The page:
12:35 PM, Wednesday, July 19, 2017
The North American monsoon, sometimes called the Southwest monsoon or the Mexican monsoon, is a seasonal weather pattern that in some years can bring enhanced rainfall across the southwestern U.S., including the Front Range region. The impacts for the Front Range are seen in the climate record from mid July through the late summer. In a nutshell, showers and thunderstorms erupt daily along the Mexican Sierras as the tropical Pacific heats up and that pumps lots of moisture into the atmosphere. Some of that moisture makes its way north into the southwestern United States. In the Front Range region not every year sees the effects, and the surges of moisture can be intermittent.
The 2017 monsoon has arrived, but for the most part the moisture has been in the upper levels of the atmosphere and so rainfall has been sparse despite afternoon clouds (there has been more moisture and areas of rain from Colorado Springs southward). Over the next two or three days a moderate plume of moisture (mainly middle and upper levels) should result in some afternoon and evening showers and thunderstorms. It’s not a highly anomalous amount of moisture, but it’s the best we have seen in a while. The best chance for rain is over the mountains of western Colorado, but I am holding out some hope for the Front Range too.
3:35 PM, Monday, July 10, 2017
There hasn’t been much to write about lately, unless you want to worry about the increasing dryness of the local forests.
This week is bringing the best chance for afternoon/evening showers and thunderstorms. It’s not a guarantee, and some areas will get by with some clouds, maybe thunder, but little or no rain. But a bigger portion of the Front Range region may see rain this evening or one of the next few days. A few local spots may even get a soaking downpour.
With the greater amount of afternoon clouds temperatures should be less hot, but still quite warm.
12:40 PM, Thursday, June 29, 2017
A cool air mass will slide down the Front Range later today and tonight and bring a cooler-than-average day on Friday. The cooler weather won’t extend to the West Slope, so hot weather with high fire danger will continue there.
Very warm weather is likely to return for the holiday weekend. There is some indication that the mid to late part of next week can see extreme heat. There is uncertainty about exactly which part of the West will be affected, but the Front Range region might be in for a heat wave.
This evening and tonight will bring the best chance of rain for the Front Range, but that’s not saying much. Moisture is limited and heavy thunderstorm rain is likely to be isolated with the best chance on the eastern plains. Later tonight or early Friday we may see some areas of low clouds and possibly light rain as the cool air mass pushes in. But it’s possible that much of the region will get through the next 24 hours with little or no rain. The chance for rain over the weekend is looking very small.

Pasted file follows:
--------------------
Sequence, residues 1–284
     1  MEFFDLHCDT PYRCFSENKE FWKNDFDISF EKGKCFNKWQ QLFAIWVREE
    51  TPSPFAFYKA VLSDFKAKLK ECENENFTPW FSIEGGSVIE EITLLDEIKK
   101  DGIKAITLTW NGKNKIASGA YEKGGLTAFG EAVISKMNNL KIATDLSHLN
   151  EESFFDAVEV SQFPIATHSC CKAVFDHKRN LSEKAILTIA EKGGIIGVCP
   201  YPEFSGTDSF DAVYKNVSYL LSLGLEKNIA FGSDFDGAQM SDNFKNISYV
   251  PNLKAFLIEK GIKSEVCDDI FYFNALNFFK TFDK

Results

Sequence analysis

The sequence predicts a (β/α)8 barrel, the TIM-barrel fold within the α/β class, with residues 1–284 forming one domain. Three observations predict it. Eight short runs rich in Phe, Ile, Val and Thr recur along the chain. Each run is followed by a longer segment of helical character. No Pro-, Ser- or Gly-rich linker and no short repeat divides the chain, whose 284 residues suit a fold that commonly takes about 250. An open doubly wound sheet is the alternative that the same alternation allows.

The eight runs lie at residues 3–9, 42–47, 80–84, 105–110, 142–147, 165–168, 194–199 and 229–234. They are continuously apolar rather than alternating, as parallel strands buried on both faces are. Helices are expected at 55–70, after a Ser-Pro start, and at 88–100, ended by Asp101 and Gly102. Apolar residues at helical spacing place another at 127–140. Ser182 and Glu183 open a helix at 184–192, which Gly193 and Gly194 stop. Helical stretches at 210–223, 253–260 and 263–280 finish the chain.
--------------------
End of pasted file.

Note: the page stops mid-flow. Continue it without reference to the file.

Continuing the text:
Although a few local spots may have received a good downpour this month, the official recording stations in Colorado Springs, Denver, Boulder, and Cheyenne (and I think Fort Collins too) are much below average. Both Denver and Boulder could see one of the driest 5 Junes (but not the driest) if it doesn’t rain tonight. Be careful with fire this weekend!
5:45 AM, Thursday, June 22, 2017
After a couple days of record or near-record heat, today will be a little less hot. Then it will be much cooler Friday-Sunday. In fact daytime highs in the urban corridor may only reach the 70s Friday and Saturday, and nighttimes could drop into the 40s in some areas. If you are traveling west of the continental divide this weekend the cool air mass won’t make as much impact in western Colorado.
Rain? We could sure use some along the Front Range. The best chance for showers or thunderstorms in and along the Front Range is late this afternoon and tonight. In fact, there could be a few local areas that experience a strong thunderstorm with hail. Even late tonight or early Friday there could be some redevelopment of showers as the cold Front pushes through. For areas that don’t get much tonight, that chance for rain becomes quite small again after Friday morning.
5:40 AM, Friday, June 16, 2017
Expect a very warm summer day today with little or no chance for rain and temperatures in the lower elevations reaching around 90. A cool front on Saturday may arrive by early afternoon, but it is more likely to hold off until evening, so Saturday is likely to be another very warm day. There may be a few thunderstorms around Saturday afternoon and evening, but there will be areas that get by with little or no rain.
After a slightly cooler but still warm Sunday, hot and mainly dry weather is likely to be the rule next week. The summer solstice is on Wednesday at 10:24 PM MDT, and the weather will feel like summer.
5:55 AM, Monday, June 12, 2017
Hot weather will be in place today and again later in the week, with a milder period Tuesday and Wednesday when low-elevation temperatures may hold to the upper 70s and low 80s. Those milder temperatures may be accompanied by a period of gusty west-northwest winds late Tuesday into early Wednesday. The best chance of those gusty winds is up near the Colorado-Wyoming border and in the Cheyenne area, but a period of gusty winds is possible along the Front Range and northeastern plains of Colorado too.
It will be generally dry other than a chance for a few thunderstorms around today.
11:55 AM, Friday, May 26, 2017
In a nutshell, not bad. Saturday will be the coolest of the three days with temperatures running a little below average. Saturday will also bring a chance for some showers or a thundershower, especially after noon. Sunday and Monday should be sunnier with near average temperatures for this time of year and very little chance for rain. Have a nice weekend.